The front page of today's New York Times offers a sensitively written account of the ordeals suffered by child sex-abuse victims in Rotherham, England, where an investigation has revealed that, between 1997 and 2013, "at least 1,400 children, some as young as 11, were groomed for sexual exploitation while the authorities looked the other way."
Why did authorities ignore the abuse? The article takes its time arriving at the answer, and when it does, the answer it offers is incomplete.
We are first given an account from Lucy, a victim now 25, who tells of how she was targeted by a gang whose members raped her daily from when she was 12 until she was nearly 14:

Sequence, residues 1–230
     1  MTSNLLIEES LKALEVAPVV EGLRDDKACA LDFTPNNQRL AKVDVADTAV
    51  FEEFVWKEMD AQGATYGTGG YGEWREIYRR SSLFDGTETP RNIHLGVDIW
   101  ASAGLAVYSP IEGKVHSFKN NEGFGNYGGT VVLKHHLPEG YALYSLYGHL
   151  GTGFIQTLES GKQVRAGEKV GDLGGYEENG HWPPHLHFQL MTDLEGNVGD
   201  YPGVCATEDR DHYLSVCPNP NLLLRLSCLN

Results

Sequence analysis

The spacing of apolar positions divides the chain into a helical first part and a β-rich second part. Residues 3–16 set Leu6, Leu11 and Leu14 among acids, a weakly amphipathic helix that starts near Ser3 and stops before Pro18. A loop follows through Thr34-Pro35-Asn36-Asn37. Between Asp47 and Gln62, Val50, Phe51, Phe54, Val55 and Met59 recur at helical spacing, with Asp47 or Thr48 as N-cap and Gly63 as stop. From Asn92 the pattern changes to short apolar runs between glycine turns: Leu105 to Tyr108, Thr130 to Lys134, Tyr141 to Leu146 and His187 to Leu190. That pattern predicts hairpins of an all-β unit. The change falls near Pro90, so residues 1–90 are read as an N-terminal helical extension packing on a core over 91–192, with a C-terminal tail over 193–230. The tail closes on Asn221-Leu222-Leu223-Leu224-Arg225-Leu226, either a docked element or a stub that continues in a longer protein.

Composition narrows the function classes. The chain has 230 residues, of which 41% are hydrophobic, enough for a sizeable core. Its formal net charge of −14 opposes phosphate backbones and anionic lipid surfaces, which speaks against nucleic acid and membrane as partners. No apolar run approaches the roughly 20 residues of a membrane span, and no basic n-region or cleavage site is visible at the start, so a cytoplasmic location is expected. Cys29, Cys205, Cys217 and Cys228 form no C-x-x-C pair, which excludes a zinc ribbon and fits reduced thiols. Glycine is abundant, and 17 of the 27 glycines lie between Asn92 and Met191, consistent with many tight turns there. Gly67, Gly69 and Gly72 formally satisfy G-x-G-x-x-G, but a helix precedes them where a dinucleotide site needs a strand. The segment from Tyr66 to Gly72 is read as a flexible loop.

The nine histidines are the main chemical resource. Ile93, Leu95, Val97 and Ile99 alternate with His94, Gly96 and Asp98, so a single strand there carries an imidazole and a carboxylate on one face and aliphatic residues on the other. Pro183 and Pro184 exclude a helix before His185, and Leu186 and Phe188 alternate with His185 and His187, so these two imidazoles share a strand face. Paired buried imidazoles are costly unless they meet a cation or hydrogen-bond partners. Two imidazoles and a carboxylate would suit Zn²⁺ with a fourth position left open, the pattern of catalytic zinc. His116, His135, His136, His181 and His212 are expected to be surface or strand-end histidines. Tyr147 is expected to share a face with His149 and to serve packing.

At night, she would come home and hide her soiled clothes at the back of her closet. When she finally found the courage to tell her mother, just shy of her 14th birthday, two police officers came to collect the clothes as evidence, half a dozen bags of them.
But a few days later, they called to say the bags had been lost.
“All of them?” she remembers asking. A check was mailed, 140 pounds, or $232, for loss of property, and the family was discouraged from pressing charges. It was the girl’s word against that of the men. The case was closed.
The story then shifts to the recently released investigation of Rotherham child sex abuse, which revealed the extent to which local authorities failed to prosecute cases such as Lucy's: